California Piece Rate Overtime Lawyer

Are you tired of not being fairly compensated for your hard work in your piece-rate job?

Don’t let your employer take advantage of you any longer. By working with Goldberg & Loren, you can finally receive the compensation you are entitled to for every hour worked. Imagine the financial stability and peace of mind that comes from getting paid what you deserve.

Contact Goldberg & Loren now to schedule a free consultation and take the first step toward getting the overtime pay you deserve. Don’t wait any longer; your rights and financial well-being are at stake.

What is Piece Rate Compensation?

Piece rate compensation is a type of pay structure where employees are paid based on the number of units produced or tasks completed rather than the number of hours worked. This means that each employee receives a specific rate for each piece of work completed or unit produced.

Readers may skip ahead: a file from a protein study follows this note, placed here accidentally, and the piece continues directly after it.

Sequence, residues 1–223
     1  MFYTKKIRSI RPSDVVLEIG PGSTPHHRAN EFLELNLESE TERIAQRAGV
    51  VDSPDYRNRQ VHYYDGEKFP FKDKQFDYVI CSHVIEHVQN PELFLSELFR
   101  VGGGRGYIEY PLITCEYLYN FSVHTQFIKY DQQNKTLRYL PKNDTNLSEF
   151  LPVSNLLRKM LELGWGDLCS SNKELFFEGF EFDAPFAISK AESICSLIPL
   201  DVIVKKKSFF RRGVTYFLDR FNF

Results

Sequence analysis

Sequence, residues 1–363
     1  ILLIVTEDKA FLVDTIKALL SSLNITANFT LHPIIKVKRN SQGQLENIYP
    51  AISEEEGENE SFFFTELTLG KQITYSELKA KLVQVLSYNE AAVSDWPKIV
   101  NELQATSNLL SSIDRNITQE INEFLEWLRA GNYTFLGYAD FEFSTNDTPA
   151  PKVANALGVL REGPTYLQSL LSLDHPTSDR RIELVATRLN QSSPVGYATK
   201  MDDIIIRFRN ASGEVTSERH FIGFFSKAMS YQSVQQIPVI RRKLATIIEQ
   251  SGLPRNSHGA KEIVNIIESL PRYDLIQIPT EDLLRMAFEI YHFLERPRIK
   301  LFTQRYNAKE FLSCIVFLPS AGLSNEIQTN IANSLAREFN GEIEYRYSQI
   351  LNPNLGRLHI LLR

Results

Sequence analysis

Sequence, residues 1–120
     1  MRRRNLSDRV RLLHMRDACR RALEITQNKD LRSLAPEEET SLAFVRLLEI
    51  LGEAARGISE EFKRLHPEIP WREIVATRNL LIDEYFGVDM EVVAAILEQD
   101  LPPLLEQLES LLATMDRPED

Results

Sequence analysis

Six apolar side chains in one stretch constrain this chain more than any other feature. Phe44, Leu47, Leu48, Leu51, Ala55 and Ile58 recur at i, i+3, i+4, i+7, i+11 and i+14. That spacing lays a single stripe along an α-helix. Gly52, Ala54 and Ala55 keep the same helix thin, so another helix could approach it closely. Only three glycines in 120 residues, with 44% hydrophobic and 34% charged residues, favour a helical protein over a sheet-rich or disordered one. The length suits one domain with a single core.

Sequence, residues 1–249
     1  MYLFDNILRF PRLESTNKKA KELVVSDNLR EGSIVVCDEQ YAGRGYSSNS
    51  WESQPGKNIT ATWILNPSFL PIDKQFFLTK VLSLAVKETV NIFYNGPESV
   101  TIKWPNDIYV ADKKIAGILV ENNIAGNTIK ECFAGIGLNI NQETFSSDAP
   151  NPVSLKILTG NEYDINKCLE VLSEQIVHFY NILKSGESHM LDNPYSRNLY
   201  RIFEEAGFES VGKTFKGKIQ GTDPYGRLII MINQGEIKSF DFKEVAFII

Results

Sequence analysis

Under piece-rate compensation, employees have the opportunity to increase their earnings by producing more or completing tasks at a faster pace. This can be especially beneficial for workers who are highly skilled and can complete tasks more quickly than their peers.

Piece rate compensation can pose some challenges for employees. One of the main concerns is that it can result in a lower overall income if there is a decrease in the volume of work or if tasks become more time-consuming. Piece rate compensation does not typically account for non-productive time, such as rest breaks, equipment maintenance, or clean-up time, which may be required during the work process.